Janet M. Cramer
University of New Mexico
University of Colorado, Boulder
Ethnography is primarily concerned with uncovering meanings—in particular, the meanings inherent to a particular group and its practices. The ethnographer accomplishes this awareness through a process of immersion into the life, routines, and rituals of the social setting under study. We describe in this chapter the principles and techniques of ethnographic journalism, but we are well aware that the method could put reporters in an awkward position in relationship to “sources. ” Reporting as social immersion would seem to violate the traditional understanding of objectivity as detachment from sources and subjects. However, we placed quote marks around the word “sources” for a reason—to emphasize that the task of grafting ethnography onto journalism requires us to revisit the author-subject relationship of reporting.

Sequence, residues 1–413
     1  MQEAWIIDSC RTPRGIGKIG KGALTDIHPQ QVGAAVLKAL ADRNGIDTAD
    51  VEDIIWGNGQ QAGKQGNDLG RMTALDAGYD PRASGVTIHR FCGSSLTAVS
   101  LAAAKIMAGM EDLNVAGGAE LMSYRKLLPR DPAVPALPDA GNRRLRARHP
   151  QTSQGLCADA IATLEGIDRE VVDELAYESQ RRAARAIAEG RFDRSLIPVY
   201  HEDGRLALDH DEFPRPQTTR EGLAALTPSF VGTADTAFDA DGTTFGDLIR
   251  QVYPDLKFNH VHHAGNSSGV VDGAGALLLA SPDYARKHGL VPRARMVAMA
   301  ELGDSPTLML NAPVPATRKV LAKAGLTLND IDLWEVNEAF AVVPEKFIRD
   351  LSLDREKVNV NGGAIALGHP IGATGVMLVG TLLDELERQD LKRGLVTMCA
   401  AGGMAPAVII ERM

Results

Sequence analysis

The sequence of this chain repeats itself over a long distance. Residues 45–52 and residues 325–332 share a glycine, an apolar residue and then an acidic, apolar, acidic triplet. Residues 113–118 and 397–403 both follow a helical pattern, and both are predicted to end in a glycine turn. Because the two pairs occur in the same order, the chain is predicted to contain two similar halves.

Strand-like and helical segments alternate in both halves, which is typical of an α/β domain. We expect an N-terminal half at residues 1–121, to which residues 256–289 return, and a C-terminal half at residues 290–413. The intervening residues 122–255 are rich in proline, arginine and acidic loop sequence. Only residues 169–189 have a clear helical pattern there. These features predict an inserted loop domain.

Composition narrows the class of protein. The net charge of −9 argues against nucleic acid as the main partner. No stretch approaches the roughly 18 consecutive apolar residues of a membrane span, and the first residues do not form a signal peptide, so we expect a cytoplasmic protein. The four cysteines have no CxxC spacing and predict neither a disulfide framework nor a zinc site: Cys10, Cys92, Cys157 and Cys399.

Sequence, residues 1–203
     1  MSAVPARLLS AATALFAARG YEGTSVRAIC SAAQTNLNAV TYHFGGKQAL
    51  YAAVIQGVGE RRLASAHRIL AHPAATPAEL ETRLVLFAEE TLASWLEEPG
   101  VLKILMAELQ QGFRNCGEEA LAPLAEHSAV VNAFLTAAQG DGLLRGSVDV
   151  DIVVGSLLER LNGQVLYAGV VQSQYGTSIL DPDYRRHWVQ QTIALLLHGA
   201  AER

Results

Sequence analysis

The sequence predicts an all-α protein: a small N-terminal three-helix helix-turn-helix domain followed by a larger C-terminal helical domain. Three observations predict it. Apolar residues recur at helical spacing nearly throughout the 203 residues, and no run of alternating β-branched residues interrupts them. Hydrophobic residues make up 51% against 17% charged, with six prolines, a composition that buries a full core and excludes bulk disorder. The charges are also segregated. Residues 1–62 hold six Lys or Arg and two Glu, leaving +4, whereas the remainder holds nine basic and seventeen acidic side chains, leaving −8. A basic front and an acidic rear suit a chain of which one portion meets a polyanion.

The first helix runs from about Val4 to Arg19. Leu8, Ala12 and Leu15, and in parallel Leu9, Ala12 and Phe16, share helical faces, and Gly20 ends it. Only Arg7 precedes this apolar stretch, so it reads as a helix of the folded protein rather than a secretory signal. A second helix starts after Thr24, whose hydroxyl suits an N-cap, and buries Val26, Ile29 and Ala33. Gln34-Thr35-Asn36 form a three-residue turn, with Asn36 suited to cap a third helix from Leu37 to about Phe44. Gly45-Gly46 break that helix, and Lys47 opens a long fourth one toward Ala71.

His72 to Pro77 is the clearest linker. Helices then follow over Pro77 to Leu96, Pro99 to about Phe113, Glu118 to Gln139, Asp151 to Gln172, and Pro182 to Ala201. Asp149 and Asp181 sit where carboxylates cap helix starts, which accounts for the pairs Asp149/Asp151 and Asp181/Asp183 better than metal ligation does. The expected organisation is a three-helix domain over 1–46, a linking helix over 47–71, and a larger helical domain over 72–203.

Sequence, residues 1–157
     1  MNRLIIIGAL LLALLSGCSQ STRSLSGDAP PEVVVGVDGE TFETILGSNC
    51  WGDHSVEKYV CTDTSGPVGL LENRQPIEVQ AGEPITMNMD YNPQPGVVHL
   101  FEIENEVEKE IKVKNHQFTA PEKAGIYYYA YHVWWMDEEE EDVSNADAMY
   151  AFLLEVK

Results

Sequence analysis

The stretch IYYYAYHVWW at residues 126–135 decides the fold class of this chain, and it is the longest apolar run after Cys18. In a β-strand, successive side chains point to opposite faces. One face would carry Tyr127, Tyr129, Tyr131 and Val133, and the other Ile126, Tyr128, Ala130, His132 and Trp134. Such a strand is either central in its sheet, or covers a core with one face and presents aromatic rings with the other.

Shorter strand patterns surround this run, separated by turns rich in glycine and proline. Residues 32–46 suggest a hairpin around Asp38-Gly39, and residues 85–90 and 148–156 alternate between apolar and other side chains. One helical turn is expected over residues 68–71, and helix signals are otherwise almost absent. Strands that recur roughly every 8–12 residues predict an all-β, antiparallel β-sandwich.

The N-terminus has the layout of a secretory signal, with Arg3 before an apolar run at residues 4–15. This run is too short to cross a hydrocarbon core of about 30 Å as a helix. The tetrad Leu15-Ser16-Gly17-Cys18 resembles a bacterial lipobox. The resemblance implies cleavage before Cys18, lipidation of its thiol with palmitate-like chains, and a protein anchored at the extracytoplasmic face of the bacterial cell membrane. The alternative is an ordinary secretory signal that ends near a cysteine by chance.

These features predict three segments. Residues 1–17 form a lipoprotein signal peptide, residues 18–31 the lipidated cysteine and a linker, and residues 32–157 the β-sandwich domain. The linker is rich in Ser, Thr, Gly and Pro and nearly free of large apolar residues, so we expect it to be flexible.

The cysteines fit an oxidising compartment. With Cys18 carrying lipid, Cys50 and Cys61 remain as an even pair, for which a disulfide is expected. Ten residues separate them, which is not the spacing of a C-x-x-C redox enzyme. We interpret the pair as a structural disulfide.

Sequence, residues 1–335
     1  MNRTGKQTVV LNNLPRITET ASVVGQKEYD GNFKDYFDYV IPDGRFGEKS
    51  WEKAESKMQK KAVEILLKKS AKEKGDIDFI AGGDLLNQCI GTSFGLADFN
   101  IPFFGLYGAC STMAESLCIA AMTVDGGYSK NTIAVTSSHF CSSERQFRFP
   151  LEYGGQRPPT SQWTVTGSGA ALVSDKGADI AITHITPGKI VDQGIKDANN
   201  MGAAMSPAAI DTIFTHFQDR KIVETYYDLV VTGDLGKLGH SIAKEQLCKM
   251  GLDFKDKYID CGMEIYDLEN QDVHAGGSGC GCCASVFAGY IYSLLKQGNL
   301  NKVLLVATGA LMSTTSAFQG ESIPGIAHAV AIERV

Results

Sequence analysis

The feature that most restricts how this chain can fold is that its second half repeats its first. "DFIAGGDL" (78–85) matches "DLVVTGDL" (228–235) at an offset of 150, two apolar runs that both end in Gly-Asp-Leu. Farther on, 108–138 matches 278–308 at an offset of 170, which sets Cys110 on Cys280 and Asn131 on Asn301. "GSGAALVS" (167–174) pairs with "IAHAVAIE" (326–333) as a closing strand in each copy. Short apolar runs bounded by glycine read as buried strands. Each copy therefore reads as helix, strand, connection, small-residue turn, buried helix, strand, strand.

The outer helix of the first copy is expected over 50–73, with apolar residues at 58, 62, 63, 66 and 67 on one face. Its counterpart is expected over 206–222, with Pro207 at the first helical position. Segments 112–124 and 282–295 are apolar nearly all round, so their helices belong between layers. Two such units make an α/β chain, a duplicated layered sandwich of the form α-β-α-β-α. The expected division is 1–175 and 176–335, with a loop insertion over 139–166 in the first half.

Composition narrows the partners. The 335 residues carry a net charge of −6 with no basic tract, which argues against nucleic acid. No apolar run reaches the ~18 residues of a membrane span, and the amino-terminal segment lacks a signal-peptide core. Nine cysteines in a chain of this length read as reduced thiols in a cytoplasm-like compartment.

We offer what we hope is a persuasive rationale as to why journalists should use this powerful tool for observing and documenting social life. As we describe, ethnography is really not the alien concept that some in a newsroom might imagine; its narrative scheme and observational methods are close kin to long-respected journalistic practices. However, in providing practical suggestions for how to conduct this type of reporting, we will contemplate some of the ethical dilemmas that arise out of this blending of social science with journal-